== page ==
“I'm the one who's sorry. I know it... doesn't help. B-But it's all I can say.”
“You're crying... because of people like me? Because of... me?” He squinted at me and spoke as if he were completely mystified. As if I were the very picture of two opposite forces working in tandem.
“Y-Yes.” I sniffed again and rubbed my eyes. “W-Why? What's wrong?”
“Oh.” He turned away from me, slowly, leaning back into the wall with a dumbfounded expression on his face.
“Are you okay?”
“Y-Yeah, just.... I don't know. No one has ever... cried for me before.” His voices sounded strained and confused.
“Isn't that normal, though? I care about you.”
“I....” He went silent for several moments and then continued. “Oh.”
“Nothing... Nothing at all. Absolutely nothing.” He spoke clearly now, and held his head up. “Leo, I'm sorry I said all of that, yeah? I shouldn't have. I know all of this crap isn't any easier for you.... You've got it just as bad as I do. Maybe worse.”
“It's okay. I understand.... At least I think I do.” I picked at my claws, suddenly feeling bashful. “I'm glad you're here, though. I... I don't know if I could have survived without you.”
I turned to face him and found him staring straight ahead, out into the wind drawn woods of black and silver, his expression crossed with an uncharacteristic sense of calmness, though with eyes wide and alert.
“Thanks.” He said suddenly. “I'm happy you're here too.”
“I'm glad,” I answered, smiling.
“No, I mean... happier than... I could ever hope to put into words, y-yeah?” He swallowed and sat up, like he'd been bitten by a bug. In his haste, he smacked my side with his tail and offered no apology.
“Anyway,” he continued in his normal tone with normal demeanor. “It's late as hell, yeah? Go in and get some rest.”
“What about you?” I asked.
“I just want a few more minutes to think. Get everything straight in my head. But I'll follow you in in a few minutes, yeah? I gotta straighten it out or I won't be able to sleep.”
“...Okay. You're feeling better now, right?”
“I am feeling much better now.”
I smiled. “Okay.” I stood up and brushed the dirt off my butt and tail. “O-Oh...!” I leaned forward and grimaced.
“What's the matter?”
“I f-forgot to pee....”
“You didn't go before you came looking for me....?” He watched my erratic stepping with a queer expression on his face. He laughed. “I shoulda figured. Go pee and then go to bed.”
“'Kay. Night, Joseph.”
I rushed off, walking with swift steps until I reached the window. My fear for the dark hallways of West-End, and particularly for the abyssal hole they called a bathroom, led me to keep going past it, until I rounded the next corner and reached the front doors. I went past them and tucked myself away around the next corner, not far forward.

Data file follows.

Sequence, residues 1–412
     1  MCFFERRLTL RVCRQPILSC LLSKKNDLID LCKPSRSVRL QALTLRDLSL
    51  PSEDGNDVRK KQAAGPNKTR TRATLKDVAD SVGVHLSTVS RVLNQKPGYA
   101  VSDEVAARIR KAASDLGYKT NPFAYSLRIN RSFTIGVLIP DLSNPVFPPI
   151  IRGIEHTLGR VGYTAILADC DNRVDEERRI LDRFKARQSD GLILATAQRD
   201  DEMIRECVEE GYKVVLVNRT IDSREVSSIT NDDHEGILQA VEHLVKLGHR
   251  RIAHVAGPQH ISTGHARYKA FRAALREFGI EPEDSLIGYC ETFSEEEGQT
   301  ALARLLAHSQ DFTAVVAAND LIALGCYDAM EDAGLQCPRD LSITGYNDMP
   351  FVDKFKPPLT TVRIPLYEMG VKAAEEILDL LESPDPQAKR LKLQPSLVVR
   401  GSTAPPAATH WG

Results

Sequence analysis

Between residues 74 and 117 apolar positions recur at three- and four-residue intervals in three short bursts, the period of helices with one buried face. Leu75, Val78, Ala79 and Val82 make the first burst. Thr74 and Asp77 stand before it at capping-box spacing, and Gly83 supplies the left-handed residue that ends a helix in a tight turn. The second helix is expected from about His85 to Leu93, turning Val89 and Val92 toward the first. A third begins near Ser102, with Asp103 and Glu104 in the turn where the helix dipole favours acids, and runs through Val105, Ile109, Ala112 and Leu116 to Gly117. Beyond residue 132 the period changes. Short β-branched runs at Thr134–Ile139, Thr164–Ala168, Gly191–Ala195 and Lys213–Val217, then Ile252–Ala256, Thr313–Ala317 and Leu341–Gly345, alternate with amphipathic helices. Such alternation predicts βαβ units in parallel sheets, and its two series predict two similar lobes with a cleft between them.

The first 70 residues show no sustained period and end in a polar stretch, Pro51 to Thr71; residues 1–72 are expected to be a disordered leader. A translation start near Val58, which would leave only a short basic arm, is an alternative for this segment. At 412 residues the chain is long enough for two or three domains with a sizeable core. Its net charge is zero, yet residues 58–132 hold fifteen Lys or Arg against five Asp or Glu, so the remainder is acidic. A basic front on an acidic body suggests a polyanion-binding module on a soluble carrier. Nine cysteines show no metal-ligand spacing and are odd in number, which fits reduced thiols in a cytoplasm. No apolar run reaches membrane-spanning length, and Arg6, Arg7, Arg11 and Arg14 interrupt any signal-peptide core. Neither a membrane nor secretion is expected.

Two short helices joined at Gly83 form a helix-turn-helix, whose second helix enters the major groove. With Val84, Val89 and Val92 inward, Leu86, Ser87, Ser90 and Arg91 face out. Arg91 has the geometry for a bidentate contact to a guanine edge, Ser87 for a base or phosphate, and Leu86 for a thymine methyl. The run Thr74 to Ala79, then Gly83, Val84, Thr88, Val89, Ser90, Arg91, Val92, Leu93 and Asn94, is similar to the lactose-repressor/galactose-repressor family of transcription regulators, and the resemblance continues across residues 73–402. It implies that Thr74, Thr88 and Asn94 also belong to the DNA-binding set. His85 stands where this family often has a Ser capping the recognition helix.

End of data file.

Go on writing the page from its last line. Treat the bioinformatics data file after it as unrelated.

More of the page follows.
I pawed at the slim, black strip of fabric tying my robe closed as my hips swayed back and forth, entirely of their own accord.
With one unending motion, I undid the robe, threw it open, and pulled my shorts out of the way.
I breathed a heavy sigh of relief. “Just in time....”
Then I smelled it. Something stale and gross hanging in the air. And no, it was not that. It was something different. Like dirt in the form of smoke.
The sudden proclamation of my name sent a visible shudder through my body. I twisted around, and leaning against the side of West-End, with a stick of tobacco in his mouth, was Lucky. His eyes rested on me, one of his eyebrows cocked upward in confusion.
“What are you doing out here?” He asked.
“Yeah, I can see that.”
“U-Uh, I'll-I'll j-just be a moment....”
“Yeah.... Take your time.”
“How come y-you're out here?”
“Just havin' a smoke.” He took the tobacco stick from his mouth and held it out in front of his face, his eyes following the flame on the tip.
A few moments later, I managed to stop urinating. I quickly redressed and turned to face him, blushing aggressively.
“You still haven't answered my question. And if you came out here just to pee, why?”
“I... like the fresh air.”
He squinted his eyes at me, at first like he were angry, but his expression softened a moment later. “Really, huh? That just happens to be why I'm out here.”
“Yes, that and to smoke.... You ever smoke, Leo?”
“No, I've never smoked.”
“Here,” he slipped his hand into his pocket but stopped a moment later. “Actually...” He handed me the stick between his fingers. “Inhale a bit of that and tell me how you like it first.”
“O-Oh, um....” I took the tobacco feeling more than a little uncertain. “M-Maybe just a little....”
I brought the stick to my lips with tentative slowness. I took a puff. Lucky's lips curled into a smile the moment he saw my grimace. I started coughing.
“Jeez,” he said with a chuckle. “May be some of the old sunflower, but I've never seen someone take a stick as bad as that.”
“That was awful.” I said into my clutched fist.
He chuckled again and let his eyes close. A moment later, they slid carefully open and looked upward, toward the moon.
“How can you smoke those things?”
“You get used to it. And they work wonders for when you're tight.”
“Oh.” We both stood silent for a few moments. I joined him in looking up at the moon; the moon shined its light back at us. “Are you stressed about something?”
He paused for a moment, and then responded. “...Yeah, I am.”
“What's wrong?” I looked over at him and saw his face in the light. It looked more somber than I'd ever seen it. It was crossed with a sternness, too—sternness and aloofity. And I think, beyond all of that, there was something more, some kind of deep sadness; the sort I often saw in Joseph's eyes when he looked off into the distance.
He smiled. “...I can't say.”
“It's...” His smile turned into a frown. “It's complicated. Don't worry about it.”
“Not something I would understand?”